A California Chamber of Commerce-opposed bill that would significantly hinder the ability of automakers and other technology providers to provide safety technology to consumers is awaiting action by Governor Gavin Newsom.
The proposal, SB 346 (Wieckowski; D-Fremont), requires manufacturers of cars with in-vehicle cameras to make certain disclosures, and prohibits the sale/lease of new cars without a specified and prominent disclosure. The bill prohibits any images or video recordings collected through the operation of an in-vehicle camera from being used for any advertising purpose or being sold to third parties and significantly limits the sharing of such recording with third parties. The bill also raises concerns with the removal of consumer choice/control over the use of their data; creates overly-restrictive prohibitions against sharing data; fails to differentiate between identifiable and non-identifiable images and recordings; and undermines and complicates compliance with the Consumer Privacy Rights Act by establishing industry and technology specific privacy standards.
Expands the Definition of “Personal information” Beyond the California Privacy Rights Act
The California Privacy Rights Act of 2020 (CPRA) currently provides broad consumer protections that are technology- and industry-neutral, as was the intent of the law. In contrast, SB 346 provides special statutory treatment for in-vehicle cameras, even though the sponsors of the bill have stated there is no current “problem” with in-vehicle cameras that the bill seeks to address.
In short, the bill is intended to provide a foundation for the future statutory treatment of cameras on all devices. For example, SB 346’s definition of “Personal information,” is different than the definition used in the CPRA. Specially, SB 346 adds that personal information includes information that can be attained and associated with a “particular …consumer device,” an expansion of the definition that has nothing to do with vehicles, which are typically not considered “consumer devices.”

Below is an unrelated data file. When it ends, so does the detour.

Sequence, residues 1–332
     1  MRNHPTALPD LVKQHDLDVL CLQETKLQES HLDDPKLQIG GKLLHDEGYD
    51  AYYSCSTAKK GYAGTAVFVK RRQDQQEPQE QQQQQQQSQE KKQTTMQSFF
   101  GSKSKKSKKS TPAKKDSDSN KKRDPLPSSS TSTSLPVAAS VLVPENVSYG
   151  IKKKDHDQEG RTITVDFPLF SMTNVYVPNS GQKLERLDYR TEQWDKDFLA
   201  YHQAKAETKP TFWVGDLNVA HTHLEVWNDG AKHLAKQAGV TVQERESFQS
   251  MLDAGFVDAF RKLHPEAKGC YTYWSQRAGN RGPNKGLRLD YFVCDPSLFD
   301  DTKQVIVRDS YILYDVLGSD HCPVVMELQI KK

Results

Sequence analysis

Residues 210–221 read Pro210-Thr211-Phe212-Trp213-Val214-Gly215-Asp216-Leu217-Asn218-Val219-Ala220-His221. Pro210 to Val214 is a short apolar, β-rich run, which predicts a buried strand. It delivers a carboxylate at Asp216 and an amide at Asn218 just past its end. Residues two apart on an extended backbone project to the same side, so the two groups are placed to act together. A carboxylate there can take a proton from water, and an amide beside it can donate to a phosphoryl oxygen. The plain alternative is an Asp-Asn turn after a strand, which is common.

The full significance of this expansion is not yet known but is cause for concern as the CPRA uses the phrase “personal information” 586 different times throughout the comprehensive voter-approved, technology- and industry- neutral, privacy law. Whether further regulation of cameras beyond the existing requirements of the CPRA is necessary or appropriate is a question that warrants the input and consideration of the California Privacy Protection Agency (CPPA), which is currently in the process of issuing regulations implementing the CPRA.
Impairs Safety Features
In contrast with the CPRA, SB 346 does not exempt situations where compliance with certain restrictions would create a conflict with a business’s other legal obligations. SB 346 may also prevent a business’s ability to comply with legal orders or otherwise hinder a business’s ability to innovate. For example, auto manufacturers currently may share anonymized data with the National Highway Traffic Safety Administration for non-commercial, publicly beneficial research purposes related to curbing impaired driving or helping to ensure that drivers remain attentive and engaged when driving vehicles with advanced driver assistance features.
SB 346 provides a disincentive, and in fact prohibits, further innovation in this area due to the overly restrictive nature of the sharing provisions in the bill.
Bill Contains Conflicting Provisions
Automakers cannot comply with SB 346 because of poor drafting and conflicting provisions.
SB 346 contains drafting errors and conflicting provisions that make compliance with its provisions impossible for automakers. For example:
- “Clear, meaningful notice” – The “notice” provisions of the bill were removed, yet the requirement that the consumer receive “clear, meaningful notice,” without definition or guidance as to how an automaker or dealer may comply with this requirement.
- The bill is silent as to whether its provisions are retroactive or prospective. Does SB 346 apply to the hundreds of thousands of vehicles already on California roads (and subject to the CPRA) or does it apply only to vehicles manufactured and sold after January 1, 2023?
- Automobiles are designed five to seven years before they are built. Incorporating the requirements of SB 346 into automobile technology would take at least 18 months, yet the bill would go into effect on January 1, 2023. It is highly probable that vehicles subject to the bill’s provisions are out of manufacturers’ hands and sitting on dealer lots right now.
The CalChamber is asking businesses to contact the Governor and urge him to veto SB 346.
Staff Contact: Ronak Daylami